Friday, April 29, 2011

Busy Busy Busy!

I am so sorry I have not been posting lately but I have been extremely busy!  We have been very short-manned at my unit and I have been double, and sometimes triple, hatted at work the last two weeks.  Things are just starting to normalize a little and then I got officially notified yesterday that I will be going TDY to Hawaii for three weeks in May!

My unit has continued to support the Misawa Helps project which has contributed more than 20,000 man-hours to local clean-up projects, and I am proud to say I've had a big piece in that success by making sure they get there and back.  Starting next week they'll be going on overnight missions to the village of Tanohata which is about 3 1/2 hours away from Misawa!

I have had some time to myself over the last 2 weeks and have had some awesome opportunities to hang out with some locals.  I was at a BBQ two weeks ago that was about half American and half Japanese and there were two grills going, one American style, one Japanese.  This weekend I am going to the Hirosaki to see the Cherry Blossoms.  There is an old area in the center of town with an old castle that has about 1000 cherry trees so it should be pretty cool to see.

There was so much going on the last 2 weeks and this blog won't do it justice.  Next week I plan on getting a little personal because I will be hitting my 8 year mark in the military.  So if you don't want to read about my reflections on the past and projections for the future go ahead and skip that one!

Sunday, April 10, 2011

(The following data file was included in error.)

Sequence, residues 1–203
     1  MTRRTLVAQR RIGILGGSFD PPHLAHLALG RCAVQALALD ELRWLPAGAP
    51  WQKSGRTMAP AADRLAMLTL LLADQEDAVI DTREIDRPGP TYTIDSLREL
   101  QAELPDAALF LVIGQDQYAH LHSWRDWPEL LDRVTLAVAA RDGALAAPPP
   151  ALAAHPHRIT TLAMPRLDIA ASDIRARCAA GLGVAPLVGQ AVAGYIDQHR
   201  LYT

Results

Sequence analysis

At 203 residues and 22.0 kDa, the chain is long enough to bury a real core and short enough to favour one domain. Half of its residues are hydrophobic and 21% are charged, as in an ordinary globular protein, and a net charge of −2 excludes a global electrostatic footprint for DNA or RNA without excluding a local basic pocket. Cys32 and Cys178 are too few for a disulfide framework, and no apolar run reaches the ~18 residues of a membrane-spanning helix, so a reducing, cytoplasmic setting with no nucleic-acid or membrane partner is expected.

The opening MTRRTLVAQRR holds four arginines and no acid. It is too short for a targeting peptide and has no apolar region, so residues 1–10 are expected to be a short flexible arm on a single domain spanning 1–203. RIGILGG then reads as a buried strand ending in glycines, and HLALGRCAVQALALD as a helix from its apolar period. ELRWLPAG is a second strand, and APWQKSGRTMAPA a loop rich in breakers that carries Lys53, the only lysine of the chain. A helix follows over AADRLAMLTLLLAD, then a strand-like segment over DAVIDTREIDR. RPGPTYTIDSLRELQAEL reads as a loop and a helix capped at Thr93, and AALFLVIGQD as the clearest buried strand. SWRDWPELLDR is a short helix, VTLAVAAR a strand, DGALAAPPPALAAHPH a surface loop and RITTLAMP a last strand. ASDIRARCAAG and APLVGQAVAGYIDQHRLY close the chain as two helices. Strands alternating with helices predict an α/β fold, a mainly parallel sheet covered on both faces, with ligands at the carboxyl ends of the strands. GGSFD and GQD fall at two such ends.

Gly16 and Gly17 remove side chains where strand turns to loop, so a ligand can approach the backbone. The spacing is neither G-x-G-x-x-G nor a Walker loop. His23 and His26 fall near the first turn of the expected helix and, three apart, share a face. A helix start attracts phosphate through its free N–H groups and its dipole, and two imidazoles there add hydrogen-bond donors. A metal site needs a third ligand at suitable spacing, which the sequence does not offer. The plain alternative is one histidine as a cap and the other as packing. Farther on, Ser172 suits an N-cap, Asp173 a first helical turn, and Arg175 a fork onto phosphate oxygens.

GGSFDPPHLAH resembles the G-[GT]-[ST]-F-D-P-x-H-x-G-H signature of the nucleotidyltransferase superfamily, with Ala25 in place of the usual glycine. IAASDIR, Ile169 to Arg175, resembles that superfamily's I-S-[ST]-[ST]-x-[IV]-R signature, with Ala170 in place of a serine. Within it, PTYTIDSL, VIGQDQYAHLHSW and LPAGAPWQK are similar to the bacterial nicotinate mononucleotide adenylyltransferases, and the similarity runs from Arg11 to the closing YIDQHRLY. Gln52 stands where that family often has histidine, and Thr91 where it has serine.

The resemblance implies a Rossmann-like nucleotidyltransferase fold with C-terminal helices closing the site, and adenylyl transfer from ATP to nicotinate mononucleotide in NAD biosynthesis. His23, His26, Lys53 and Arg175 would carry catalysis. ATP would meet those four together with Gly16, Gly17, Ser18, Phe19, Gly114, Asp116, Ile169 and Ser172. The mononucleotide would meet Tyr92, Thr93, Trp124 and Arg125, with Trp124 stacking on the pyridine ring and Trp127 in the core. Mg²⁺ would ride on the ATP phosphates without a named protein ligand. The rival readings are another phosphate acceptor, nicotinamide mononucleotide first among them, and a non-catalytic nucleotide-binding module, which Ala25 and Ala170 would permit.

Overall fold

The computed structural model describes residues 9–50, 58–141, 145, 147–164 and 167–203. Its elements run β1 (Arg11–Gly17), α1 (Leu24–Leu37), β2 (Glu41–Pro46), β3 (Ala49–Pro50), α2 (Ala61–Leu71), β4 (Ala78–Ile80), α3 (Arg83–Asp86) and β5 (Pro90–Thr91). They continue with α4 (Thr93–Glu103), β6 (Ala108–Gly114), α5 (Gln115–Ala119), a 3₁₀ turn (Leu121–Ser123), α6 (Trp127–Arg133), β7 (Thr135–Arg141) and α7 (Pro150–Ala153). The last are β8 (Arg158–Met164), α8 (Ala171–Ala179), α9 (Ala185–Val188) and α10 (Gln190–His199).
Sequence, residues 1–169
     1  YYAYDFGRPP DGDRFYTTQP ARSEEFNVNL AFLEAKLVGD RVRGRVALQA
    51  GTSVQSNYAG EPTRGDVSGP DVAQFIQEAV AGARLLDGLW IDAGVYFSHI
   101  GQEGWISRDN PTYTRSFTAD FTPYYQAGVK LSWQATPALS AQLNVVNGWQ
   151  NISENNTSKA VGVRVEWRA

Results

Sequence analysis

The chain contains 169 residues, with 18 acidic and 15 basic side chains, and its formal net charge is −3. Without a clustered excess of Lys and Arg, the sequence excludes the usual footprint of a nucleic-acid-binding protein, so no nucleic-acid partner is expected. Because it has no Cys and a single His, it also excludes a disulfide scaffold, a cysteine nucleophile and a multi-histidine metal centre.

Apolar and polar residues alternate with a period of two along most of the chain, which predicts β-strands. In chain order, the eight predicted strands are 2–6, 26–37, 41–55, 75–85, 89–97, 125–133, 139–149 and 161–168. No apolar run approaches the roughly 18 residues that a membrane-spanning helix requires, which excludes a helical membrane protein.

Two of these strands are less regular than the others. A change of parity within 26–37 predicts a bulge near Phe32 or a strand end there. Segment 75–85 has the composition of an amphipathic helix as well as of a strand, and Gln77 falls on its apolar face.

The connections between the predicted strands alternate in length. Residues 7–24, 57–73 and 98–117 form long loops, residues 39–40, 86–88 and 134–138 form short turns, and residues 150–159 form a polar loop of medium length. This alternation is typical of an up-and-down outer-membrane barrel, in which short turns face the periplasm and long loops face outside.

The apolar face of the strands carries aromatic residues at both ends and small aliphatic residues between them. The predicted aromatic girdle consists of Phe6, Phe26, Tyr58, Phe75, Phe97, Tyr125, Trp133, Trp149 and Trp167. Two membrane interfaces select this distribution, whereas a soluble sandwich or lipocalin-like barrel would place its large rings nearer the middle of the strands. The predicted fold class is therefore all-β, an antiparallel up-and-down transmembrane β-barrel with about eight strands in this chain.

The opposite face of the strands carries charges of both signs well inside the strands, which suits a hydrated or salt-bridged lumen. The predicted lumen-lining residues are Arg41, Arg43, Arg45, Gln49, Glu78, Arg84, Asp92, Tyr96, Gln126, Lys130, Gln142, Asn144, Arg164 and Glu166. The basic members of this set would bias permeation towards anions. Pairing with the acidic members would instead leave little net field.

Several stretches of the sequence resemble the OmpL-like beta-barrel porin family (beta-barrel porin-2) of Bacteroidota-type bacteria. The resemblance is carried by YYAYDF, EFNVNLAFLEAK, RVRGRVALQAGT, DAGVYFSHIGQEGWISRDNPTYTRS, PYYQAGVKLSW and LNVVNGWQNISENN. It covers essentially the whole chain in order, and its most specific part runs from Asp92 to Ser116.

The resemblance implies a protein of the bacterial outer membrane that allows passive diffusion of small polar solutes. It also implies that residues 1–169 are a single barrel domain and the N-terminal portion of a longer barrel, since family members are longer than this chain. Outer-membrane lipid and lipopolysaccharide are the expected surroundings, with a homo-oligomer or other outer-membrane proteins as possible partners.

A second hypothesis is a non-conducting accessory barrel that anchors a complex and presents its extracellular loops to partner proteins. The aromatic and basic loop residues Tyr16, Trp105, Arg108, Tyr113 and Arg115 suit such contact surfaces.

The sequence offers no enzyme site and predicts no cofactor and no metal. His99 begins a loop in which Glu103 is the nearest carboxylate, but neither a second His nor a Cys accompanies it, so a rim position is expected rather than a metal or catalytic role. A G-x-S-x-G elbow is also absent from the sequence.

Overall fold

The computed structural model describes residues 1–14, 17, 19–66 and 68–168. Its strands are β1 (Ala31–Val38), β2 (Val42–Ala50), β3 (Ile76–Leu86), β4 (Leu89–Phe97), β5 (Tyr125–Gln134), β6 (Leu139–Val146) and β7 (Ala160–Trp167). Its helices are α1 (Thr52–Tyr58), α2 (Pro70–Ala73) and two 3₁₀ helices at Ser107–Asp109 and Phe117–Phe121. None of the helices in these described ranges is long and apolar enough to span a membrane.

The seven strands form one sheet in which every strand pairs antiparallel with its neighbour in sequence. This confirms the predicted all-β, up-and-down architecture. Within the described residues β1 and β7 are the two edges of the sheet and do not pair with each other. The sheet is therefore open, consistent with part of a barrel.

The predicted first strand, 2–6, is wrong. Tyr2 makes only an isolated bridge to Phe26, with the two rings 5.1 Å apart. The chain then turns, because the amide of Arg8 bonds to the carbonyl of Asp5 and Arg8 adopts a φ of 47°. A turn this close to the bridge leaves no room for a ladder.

Another Big Quake

So we had another big quake Thursday night about 2330.  I had just went to bed when my phone went off with an emergency earthquake report, which it pretty much only does when they're a 6.0 or over.  The phone vibrates and flashes and makes a siren sound.  You get a text message in Kanji telling you where the earthquake has happened that the translator app I have translates to something like "Earthquake in Miyagi prefecture.  Please prepare a strong tremor."  This earthquake was pretty strong with the USGS saying it was a 7.1 and Japan saying it was a 7.4.  I figured it was going to be in the 7's right away because after the 900+ (60+ over 6.0) earthquakes we've had since 9 March I've gotten pretty good at guessing their strength!

For those of you who don't know, the Richter scale is no longer in common usage to determine the power of quakes.  Scientists use something called the "moment magnitude scale" and it is extremely similar to the Richter scale for layman purposes.  Both scales operate in a base 10 logarithmic scale (everyone who knows me knows I am a nerd so if you're not into science content skip ahead!).  This means that the power of quakes increase exponentially and not linearly.  In normal language it means that when you jump 2 levels on the scale the quake is not twice as powerful, it is 1,000 times more powerful.  So basically it would take 1,000 5.0 magnitude quakes to equal the energy released in one 7.0 magnitude quake.  This is why after feeling a 9.0 a 7.1-4 seems like nothing and after I saw that there was only going to be a .5-1 meter tsunami (the tsunami on 11 march was 10 meters up here and over 30 in Sendai!) I went back to sleep!

The quake on Thursday knocked out power about a full day but by Friday evening everything was back to normal.  One of the guys from work married a local girl whose parents own a Japanese pub, or izakaya, and he had a BBQ Friday at the restaurant.  I would loved to have gotten some photos from going out on Friday, but sadly my phone died early in the night from not getting charged the night before!

I didn't get to go on the clean-up to Noda like I had planned last week.  My work schedule changed and I am going to be taking over a new section so I have been trying to learn that job.  I was also sick for a few days after cleaning up the farm in Hachinohe last weekend.  It's starting to get warm here now and the weather this last week has been awesome.  The bad part of that is that the cedar trees are releasing noxious clouds of pollen which are tearing me up.  Luckily today I was able to chew up enough Zyrtec to get through a nice 4 mile run through Misawa City!